EURO 1988: all you need to know

A fine Marco van Basten finish made the Netherlands' biggest EURO success even more special.

Captained by Ruud Gullit, Netherlands won their first major trophy at EURO 1988
Captained by Ruud Gullit, Netherlands won their first major trophy at EURO 1988 Popperfoto via Getty Images

Who won the 1988 EURO?

The Netherlands beat the Soviet Union 2-0 in the final of the 1988 UEFA European Championship, which took place at Munich's Olympiastadion on 25 June. Ruud Gullit put the Oranje in front in the first half, before Marco van Basten's amazing volley from a tight angle killed the game off after 52 minutes. "You need a lot of luck with a shot like that," he told UEFA.com. "Everything went well. It is one of those things that sometimes just happens."

Who were the top scorers at the 1988 EURO?

Marco van Basten scored five times at the 1988 finals, despite starting on the bench for the Netherlands' opening game against the Soviet Union (which the USSR won 1-0). The AC Milan man hit a hat-trick against England in the next match, then struck the semi-final winner against Germany before saving his very best finish for the decider. "I had a difficult year with lot of injury problems," he said, looking back at the England win. "From that moment everything changed and everything went positive."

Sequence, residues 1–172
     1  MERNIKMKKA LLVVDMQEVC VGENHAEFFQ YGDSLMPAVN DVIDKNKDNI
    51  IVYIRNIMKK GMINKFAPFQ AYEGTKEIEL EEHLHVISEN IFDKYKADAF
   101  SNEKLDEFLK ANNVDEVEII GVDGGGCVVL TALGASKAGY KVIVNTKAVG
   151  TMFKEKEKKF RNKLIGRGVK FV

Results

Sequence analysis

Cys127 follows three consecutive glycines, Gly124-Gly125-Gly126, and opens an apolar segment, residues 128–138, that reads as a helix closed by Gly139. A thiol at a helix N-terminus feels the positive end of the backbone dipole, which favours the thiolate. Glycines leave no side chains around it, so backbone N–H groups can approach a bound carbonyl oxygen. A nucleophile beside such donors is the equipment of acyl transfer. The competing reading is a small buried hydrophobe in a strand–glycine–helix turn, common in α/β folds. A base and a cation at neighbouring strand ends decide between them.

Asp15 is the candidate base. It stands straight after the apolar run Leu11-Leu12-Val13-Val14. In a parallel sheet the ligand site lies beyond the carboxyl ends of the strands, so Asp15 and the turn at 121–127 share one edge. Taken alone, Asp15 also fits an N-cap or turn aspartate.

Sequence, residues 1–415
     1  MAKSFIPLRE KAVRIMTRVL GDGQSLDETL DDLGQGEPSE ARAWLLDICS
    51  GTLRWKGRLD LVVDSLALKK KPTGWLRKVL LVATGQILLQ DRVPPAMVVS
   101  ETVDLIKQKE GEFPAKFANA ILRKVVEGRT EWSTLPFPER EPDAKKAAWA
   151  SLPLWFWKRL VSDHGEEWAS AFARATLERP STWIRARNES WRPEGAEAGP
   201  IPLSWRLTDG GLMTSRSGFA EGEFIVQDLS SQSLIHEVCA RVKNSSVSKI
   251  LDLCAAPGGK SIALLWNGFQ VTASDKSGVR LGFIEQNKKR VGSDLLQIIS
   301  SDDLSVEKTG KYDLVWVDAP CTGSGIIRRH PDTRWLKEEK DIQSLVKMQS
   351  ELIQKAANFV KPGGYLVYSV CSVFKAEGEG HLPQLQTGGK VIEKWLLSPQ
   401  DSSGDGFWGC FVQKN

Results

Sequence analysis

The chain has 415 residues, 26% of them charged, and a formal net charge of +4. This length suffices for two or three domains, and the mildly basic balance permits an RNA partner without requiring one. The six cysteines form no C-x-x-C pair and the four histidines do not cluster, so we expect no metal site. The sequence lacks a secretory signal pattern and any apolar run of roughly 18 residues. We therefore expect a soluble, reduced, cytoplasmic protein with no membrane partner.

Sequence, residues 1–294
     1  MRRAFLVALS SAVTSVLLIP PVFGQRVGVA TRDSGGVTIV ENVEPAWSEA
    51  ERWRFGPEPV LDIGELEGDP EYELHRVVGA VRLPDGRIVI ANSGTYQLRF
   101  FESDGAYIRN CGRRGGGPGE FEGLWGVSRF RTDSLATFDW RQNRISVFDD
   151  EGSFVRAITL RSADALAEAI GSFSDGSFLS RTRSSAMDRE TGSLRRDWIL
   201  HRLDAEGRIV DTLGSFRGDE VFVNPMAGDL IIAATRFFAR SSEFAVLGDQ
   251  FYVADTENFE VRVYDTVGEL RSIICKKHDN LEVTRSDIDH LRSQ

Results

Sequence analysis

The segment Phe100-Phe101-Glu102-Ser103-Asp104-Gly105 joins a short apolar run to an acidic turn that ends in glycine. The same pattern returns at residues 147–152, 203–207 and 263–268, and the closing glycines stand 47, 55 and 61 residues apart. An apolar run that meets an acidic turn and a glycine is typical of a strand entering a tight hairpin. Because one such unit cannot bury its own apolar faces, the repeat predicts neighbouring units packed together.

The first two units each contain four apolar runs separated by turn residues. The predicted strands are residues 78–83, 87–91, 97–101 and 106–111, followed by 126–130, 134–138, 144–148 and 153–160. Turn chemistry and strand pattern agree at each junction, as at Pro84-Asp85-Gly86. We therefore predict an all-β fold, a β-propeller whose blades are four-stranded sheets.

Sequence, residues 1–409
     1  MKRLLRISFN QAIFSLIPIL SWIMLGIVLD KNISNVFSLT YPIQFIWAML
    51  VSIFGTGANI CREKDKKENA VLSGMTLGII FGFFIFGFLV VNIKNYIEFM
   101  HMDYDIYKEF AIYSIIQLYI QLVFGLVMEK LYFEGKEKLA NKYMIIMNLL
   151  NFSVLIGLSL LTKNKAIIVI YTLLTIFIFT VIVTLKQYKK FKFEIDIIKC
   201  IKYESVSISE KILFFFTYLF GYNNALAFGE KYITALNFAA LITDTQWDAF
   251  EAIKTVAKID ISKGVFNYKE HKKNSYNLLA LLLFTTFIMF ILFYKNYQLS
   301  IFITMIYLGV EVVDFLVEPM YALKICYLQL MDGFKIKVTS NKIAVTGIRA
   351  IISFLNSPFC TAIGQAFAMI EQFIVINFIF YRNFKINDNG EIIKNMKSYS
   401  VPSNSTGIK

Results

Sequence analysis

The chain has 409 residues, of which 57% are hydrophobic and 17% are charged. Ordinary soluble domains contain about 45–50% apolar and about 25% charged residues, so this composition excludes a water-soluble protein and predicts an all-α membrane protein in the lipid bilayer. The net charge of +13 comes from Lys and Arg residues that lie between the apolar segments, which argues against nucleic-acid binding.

EURO countdown: Watch Van Basten's volley from 1988
EURO countdown: Watch Van Basten's volley from 1988

Another Dutchman, John Bosman, was the top scorer in the qualifying competition with nine goals. The Ajax ace started the Netherlands' first game at the finals but lost his starting place to Van Basten thereafter.

Where was the 1988 EURO held?

Eight stadiums in West Germany were used for the 1988 finals, with the decider itself staged at the Olympiastadion in Munich. The other venues were the Rheinstadion in Dusseldorf, the Niedersachsenstadion in Hanover, Gelsenkirchen's Parkstadion, Cologne's Müngsdorfer Stadion, the Neckarstadion in Stuttgart, Frankfurt's Waldstadion and Hamburg's Volksparkstadion.

Who managed the winning team at the 1988 EURO?